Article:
Smithsonian highlights work history

   PRIEST RIVER — What happens when you bring the world’s largest museum and research complex to a small timber community in North Idaho?

   “The Way We Worked.”

   That’s what residents of Priest River and the surrounding areas have been treated to, to the tune of 100 visitors a day, since Sept. 10 when the traveling exhibit showed up inside the historic Beardmore Building downtown.

   An exhibition created by the National Archives, which is part of Museum on Main Street, and a collaboration between the Smithsonian Institution and State Humanities Councils nationwide.

   “The Way We Worked” celebrates the many ways Americans have historically ‘brought home the bacon’.  Exploring the technology and tools that individuals and communities have identified with work, regardless of race and ethnicity barriers that were often set in their way.

   The learning experience has expanded into the West Bonner County School District, which has allotted for all five schools to take tours of the traveling museum.

   The Priest Community Forest Connection also made the school field trips possible.

   Walking into the exhibit what you’ll see is vibrant and interactive displays, relevant objects of the era, work clothing, tools and breathtaking photographs to go along with eye-catching graphics.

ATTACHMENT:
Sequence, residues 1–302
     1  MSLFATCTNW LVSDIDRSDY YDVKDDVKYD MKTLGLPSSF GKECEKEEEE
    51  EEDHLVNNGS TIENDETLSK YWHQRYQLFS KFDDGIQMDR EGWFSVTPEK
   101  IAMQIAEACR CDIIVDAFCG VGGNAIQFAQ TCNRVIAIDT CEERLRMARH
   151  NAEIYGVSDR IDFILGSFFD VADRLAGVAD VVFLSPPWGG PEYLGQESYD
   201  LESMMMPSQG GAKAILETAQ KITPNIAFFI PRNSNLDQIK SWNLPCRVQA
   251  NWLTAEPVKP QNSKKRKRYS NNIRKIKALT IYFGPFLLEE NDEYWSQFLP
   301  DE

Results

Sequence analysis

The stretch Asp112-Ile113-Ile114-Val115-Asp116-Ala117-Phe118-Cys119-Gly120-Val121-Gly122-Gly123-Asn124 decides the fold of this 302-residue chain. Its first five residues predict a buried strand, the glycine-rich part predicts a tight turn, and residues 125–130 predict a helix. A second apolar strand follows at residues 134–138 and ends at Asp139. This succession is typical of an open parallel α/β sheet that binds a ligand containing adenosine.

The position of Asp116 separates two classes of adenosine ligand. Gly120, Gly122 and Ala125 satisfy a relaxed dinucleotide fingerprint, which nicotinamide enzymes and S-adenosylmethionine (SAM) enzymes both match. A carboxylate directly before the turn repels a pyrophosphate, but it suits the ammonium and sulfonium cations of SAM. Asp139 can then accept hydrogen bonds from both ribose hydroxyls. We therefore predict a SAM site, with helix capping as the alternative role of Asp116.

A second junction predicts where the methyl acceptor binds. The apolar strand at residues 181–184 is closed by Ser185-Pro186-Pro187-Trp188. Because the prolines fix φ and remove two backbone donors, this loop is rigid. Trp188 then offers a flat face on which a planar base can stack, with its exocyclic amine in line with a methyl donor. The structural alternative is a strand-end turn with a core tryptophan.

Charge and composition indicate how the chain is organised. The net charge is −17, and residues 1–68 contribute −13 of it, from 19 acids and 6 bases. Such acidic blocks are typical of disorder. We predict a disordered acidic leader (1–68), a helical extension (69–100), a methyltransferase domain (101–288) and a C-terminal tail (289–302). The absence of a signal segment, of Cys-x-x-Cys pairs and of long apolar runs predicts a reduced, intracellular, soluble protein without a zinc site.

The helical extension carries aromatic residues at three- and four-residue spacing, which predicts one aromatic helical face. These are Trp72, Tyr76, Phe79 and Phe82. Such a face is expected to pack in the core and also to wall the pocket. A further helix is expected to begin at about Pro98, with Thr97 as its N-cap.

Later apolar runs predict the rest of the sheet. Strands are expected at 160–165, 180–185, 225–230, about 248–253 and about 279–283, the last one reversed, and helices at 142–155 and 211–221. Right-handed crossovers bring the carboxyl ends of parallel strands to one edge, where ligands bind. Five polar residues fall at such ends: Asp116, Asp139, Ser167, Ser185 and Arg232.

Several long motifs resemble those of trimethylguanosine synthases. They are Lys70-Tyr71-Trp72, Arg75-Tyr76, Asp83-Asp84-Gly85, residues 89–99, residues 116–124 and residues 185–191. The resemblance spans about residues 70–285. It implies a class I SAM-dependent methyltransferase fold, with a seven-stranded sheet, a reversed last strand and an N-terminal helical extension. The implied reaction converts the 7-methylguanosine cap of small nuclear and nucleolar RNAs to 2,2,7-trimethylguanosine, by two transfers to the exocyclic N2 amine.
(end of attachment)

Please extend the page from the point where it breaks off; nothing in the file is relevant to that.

The exhibit is free and will only be around until Oct. 22, so make sure and stop by before it moves on to another Idaho community.

   A great time to do so will be at 1 p.m. this Saturday, Oct. 15 when Mike Reynolds of Mike Reynolds Logging will present ‘New Timber Technologies’, which has been designed to spotlight the way loggers work today with a focus on modern technology.

   The museum is open Wednesday through Sunday from 10 a.m. to 5 p.m. and offers guided gallery tours each Saturday and Sunday at 12 p.m. and again at 3 p.m.  You can also reserve a tour by calling Theresa Wright at (208) 290-2328 or via e-mail:  twright241@hotmail.com

   “The Way We Worked” is sponsored by the Priest River Museum and Timber Education Center and the Rex Theater Foundation, in cooperation with the Idaho Humanities Council.

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